The location didn’t matter as much as the way conversation flowed, how the adda worked. How the participants in the adda provided emergent governance and kept things moving. Of course you had the bores and the bombasts, but somehow the adda coped with them. Managed them, digested them, ejected them. And flourished.

Talking about addas, here are a few definitions that I’ve tried to cull from the article I linked to above:

adda n.

the fine art of socialising
relaxed conversation about anything and everything
one of the favourite pastimes of the people of Bengal
where elders used to discuss their politics at a local place
literary sessions usually rounded off by the serving of exquisitely prepared snacks and cups of tea
a dense fog of cigarette smoke, an assorted aroma of food and coffee, and a loud hum: the sound of several addas
a stream of visitors from early morning to late evening
serious, articulate and dignified elderly men deliberating on a serious topic
my grandmother regally presided over her own meetings
every topic under the sun was discussed, and of course family gossip was exchanged
elders acted as arbitrators in family or local disputes
sometimes, even marriages were arranged in these feminine addas

You get my drift? The adda was a social network, but it wasn’t electronic. It was a blogger’s meet, without a computer in sight. It was the blogosphere before the blogosphere existed. It was a place, yet it was everywhere.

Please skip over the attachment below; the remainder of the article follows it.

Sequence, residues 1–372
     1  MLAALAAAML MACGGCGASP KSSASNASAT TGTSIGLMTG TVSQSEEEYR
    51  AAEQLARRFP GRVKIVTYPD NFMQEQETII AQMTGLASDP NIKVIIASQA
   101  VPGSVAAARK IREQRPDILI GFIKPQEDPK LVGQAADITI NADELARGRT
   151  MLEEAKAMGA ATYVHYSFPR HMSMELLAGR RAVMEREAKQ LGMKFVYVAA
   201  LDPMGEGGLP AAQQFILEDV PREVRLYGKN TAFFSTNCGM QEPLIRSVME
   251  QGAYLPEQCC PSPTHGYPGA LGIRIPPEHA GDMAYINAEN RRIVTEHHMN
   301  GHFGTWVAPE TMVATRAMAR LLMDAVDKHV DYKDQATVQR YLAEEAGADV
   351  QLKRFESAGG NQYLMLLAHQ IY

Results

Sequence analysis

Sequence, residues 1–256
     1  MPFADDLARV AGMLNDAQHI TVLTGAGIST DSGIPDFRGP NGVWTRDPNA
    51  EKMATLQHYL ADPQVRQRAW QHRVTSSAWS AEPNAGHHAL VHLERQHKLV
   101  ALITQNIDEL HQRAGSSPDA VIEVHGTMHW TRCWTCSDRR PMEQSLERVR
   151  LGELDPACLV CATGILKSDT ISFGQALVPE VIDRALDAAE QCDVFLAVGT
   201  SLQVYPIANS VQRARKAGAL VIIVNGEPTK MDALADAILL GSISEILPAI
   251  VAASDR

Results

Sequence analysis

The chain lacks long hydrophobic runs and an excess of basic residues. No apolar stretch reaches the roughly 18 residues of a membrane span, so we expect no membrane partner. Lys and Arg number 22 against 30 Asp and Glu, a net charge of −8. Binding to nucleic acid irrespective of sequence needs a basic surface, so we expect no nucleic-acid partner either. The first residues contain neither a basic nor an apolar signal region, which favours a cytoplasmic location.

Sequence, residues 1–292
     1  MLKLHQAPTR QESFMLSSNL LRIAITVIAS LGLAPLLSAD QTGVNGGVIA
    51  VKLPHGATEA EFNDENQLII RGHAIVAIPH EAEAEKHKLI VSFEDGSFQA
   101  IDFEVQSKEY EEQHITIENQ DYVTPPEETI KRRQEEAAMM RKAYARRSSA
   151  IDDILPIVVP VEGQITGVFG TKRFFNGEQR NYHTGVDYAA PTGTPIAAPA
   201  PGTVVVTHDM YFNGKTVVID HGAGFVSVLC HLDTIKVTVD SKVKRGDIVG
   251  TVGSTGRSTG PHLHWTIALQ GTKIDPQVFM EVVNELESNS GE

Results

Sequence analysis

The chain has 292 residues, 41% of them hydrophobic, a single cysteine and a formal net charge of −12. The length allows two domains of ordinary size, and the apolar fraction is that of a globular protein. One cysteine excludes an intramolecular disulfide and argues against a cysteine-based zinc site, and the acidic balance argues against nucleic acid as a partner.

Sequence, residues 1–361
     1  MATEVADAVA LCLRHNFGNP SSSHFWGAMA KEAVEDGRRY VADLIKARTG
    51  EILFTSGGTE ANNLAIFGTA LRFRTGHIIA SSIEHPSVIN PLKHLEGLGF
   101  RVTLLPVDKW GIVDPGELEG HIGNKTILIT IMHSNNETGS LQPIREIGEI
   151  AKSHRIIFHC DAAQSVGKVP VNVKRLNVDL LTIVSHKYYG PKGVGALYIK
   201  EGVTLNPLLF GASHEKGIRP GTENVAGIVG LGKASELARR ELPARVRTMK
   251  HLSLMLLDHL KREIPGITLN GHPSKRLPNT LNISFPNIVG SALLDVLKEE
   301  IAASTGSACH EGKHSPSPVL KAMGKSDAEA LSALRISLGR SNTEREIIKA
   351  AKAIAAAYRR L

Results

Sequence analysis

Addas were fantastic. They are fantastic. They continue to be fantastic.

But. Addas didn’t scale. When we had multiple addas, there was some conversation that transcended addas, but it was limited. And for sure it didn’t transcend time or space. Everything was now and here. Sure it was “live”, and of course that was fantastic, but there were a few drawbacks. The conversations didn’t persist, so if someone wasn’t there tough luck. No replays, no recorded highlights. If the conversation was in a language you were less than fluent in, tough luck. Everything was now, no time to translate. If you couldn’t remember the names of the people you met, or if you weren’t introduced to everyone when you came in, then tough. Too bad. You see, addas weren’t like business meetings, with fixed start and end times and endless droning by people who liked the sound of their own voices. People walked in and out of addas. Freely. You weren’t always introduced, you didn’t always know everyone either. But usually there was someone who knew you, who greeted you as you came in, and that was good enough for the others.

So there were good things and there were drawbacks, but on balance they were fantastic.

For a long time now, I haven’t been able to come up with the right way to describe what I saw happening in the verandahs and streets, the college canteens, the India Coffee Houses.

[I’m not sure I’ve got it now. But then that’s what makes blogging so valuable. I can stick something out here and invite comment, watch you improve on it or cut it to shreds or even do both — at the same time — without getting hung up about it.]

What changed? How come I feel good about the descriptions now, when I didn’t even a few months ago. I’ll tell you what. Twitter. That’s what changed. Here’s another extract from the adda link I provided earlier:

Come evening, and parks and important street crossings of Kolkata attracted adda-loving young people. Idly watching traffic and people go by, casual conversations assumed new dimensions. The middle-aged and the elderly frequented neighborhood shops or dispensaries. The day’s experiences were related, with the shop owner or the homely doctor joining in. With time hanging heavy on their hands, unemployed young men chose two places for their adda. The roadside ground floor verandah (known as the rok) of a house, or the roadside tea stall. Occasional lewd remarks, aimed at passing girls, caused much resentment among the seniors of the locality.